IT APPEARS that the fortunes, hopes and dreams of everyone in this country this Christmas are based on only one person -- "the consumer." For better or for worse, he or she controls the destiny of multi-billion-dollar corporations whose fourth-quarter earnings will depend on what the consumer does between now and Dec. 24. If the consumer decides to sit this Christmas out, the country will continue to be in a recession, unemployment will increase, managerial heads will roll, and Ronald Reagan will walk in as president with one helluva mess on his hands.
Millions of dollars are being spent every day to get the consumer off his butt and into the stores. But so far it doesn't seem to be working.
I went to visit a consumer the other day and found him watching a football game.
"Harvey," I said, "it's a beautiful day. Why aren't you jamming the stores and helping them ring up record sales so the economists can announce that the recession is over?"
"I can't afford it," Harvey said. "The prices are out of sight."
"But Harvey," I protested, "everyone is counting on you to get them healthy again. The stores are staying open until 10 every night, just for you. They're not even closing on Sundays. You can make or break everyone's Christmas."
"I'd rather watch this football game."
"Do you know why you can watch a football game, Harvey? Because it's brought to you by the people who make blue jeans and electric shavers, light beer and popcorn machines. The only reason they're bringing it to you is that they feel you'll show your gratitude by going out and buying their products. If you just sit here they won't be able to sponsor any more sports events. There is no such thing as a free lunch."
"You can say that again. Do you know what these potato chips cost? I'm lucky I don't eat M&M's during a game."
"You mustn't think of yourself during Christmas, Harvey. You have to think of the economy. The stores are depending on you for 50 percent of their annual sales in the next two weeks. If you don't go into debt this year, everyone's going to think you're a rotten person."
The phone rang and Harvey picked it up. "Yeah," he said, "I know you've been waiting for me out in the parking lot since 9, but I'm busy now. I'm watching a football game. No, I have nothing against you personally. It's just that I'm not sure I'm going to buy too much this year . . . What with inflation and everything, we thought we'd cool it. No, it won't help to keep the store open all night long . . . Yeah, thanks for calling, and the same to you."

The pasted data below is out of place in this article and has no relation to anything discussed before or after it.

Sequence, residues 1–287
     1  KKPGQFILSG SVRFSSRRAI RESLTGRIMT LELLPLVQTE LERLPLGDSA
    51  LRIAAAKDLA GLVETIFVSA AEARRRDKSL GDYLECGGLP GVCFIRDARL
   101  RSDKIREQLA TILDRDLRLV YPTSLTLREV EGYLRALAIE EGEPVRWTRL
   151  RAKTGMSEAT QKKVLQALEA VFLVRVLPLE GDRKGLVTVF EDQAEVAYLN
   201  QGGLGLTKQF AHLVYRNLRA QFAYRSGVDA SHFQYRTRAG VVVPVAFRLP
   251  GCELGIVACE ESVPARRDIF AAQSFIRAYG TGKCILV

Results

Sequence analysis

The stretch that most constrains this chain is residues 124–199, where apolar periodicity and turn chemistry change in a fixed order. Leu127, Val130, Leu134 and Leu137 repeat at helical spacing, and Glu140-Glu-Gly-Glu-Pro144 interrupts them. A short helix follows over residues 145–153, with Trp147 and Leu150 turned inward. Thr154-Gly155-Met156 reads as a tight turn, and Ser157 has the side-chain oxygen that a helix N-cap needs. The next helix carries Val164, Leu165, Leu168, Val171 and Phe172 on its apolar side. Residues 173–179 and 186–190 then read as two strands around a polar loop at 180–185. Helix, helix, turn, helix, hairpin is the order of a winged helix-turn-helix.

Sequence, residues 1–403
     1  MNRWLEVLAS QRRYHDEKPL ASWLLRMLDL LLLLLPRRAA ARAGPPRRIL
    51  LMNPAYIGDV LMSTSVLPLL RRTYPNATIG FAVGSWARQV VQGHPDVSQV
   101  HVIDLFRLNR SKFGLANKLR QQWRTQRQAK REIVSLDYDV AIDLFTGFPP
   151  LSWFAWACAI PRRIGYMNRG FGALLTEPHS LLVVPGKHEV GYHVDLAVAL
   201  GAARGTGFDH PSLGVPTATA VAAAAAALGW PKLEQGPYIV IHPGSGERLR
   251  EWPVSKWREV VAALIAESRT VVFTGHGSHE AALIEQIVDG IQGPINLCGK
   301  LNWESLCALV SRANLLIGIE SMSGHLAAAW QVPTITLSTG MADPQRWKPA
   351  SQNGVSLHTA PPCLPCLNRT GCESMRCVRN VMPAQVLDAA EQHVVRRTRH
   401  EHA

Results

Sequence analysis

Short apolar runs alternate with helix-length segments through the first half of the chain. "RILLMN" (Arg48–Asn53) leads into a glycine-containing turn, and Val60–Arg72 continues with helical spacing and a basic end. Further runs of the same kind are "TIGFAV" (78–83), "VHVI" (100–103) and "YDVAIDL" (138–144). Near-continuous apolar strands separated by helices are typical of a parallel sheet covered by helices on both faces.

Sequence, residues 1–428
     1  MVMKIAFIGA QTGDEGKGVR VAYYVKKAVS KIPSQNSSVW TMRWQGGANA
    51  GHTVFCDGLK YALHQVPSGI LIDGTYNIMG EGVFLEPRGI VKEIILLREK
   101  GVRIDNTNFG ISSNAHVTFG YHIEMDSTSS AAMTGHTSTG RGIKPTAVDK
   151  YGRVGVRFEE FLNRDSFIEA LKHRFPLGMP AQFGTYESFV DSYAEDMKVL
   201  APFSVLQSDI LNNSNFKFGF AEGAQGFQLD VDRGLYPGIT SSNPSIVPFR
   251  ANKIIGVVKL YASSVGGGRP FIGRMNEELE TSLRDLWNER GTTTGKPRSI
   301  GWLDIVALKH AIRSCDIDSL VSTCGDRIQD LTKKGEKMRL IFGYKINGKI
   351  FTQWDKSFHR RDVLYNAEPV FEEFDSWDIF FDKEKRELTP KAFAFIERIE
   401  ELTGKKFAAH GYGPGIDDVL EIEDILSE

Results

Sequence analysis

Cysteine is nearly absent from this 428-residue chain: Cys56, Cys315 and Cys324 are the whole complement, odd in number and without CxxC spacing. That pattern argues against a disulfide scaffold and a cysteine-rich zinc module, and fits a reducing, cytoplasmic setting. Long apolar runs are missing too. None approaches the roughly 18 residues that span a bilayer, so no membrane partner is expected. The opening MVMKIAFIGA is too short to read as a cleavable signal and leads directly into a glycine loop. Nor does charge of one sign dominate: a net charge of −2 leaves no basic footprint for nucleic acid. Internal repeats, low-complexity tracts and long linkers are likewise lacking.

Harvey put the phone down. "It was J.C. Penney. He wanted to know why I hadn't responded to the ad he ran in the newspaper yesterday for an auto-racing set. He said if I couldn't come in he'd take my order over the phone."
"Call him back, Harvey," I said. "Tell him you'll borrow the money if you have to. But don't spoil the man's Christmas."
"He's not the only man who has called me. I've heard from Sears and Roebuck, Mart of K Mart, Shack of Radio Shack and Mrs. Tiffany. Everyone thinks I'm loaded."
"Harvey, you live in the greatest country in the world. But it won't remain that way if you sit at home during the 'Christmas Shopping Days' watching football. That doesn't put bread on anyone's table. The only way you can repay America for all its blessings is to blow your savings on gifts for everyone you know."
The phone rang again. Harvey did not want to pick it up, so I did. I was surprised to hear the voice on the other end.
"Harvey," I said, "it's Lee Iacocca of the Chrysler Corp. It sounds like he's been crying."
Harvey grabbed the phone. "Yeah, Lee, what do you want now? . . . I told you if I decided to buy a car for my kid, I'd consider a new K-model . . . But I'm flat-busted . . . The interest rates on my house are killing me . . . No, I don't want to speak to Frank Sinatra . . . Okay, I'll speak to Sinatra . . . Yeah, Frank, I've seen your commercials for Chrysler. They are great . . . You're doing a fine job . . . No, Frank, don't come over now. I'm tied up . . . Look, give me your phone number and if I change my mind I'll call you . . . Nice talking to you again."
Harvey hung up, and sighed, "It's not easy being a consumer these days. If it weren't for these TV football games, I don't know how I'd make it through the holidays."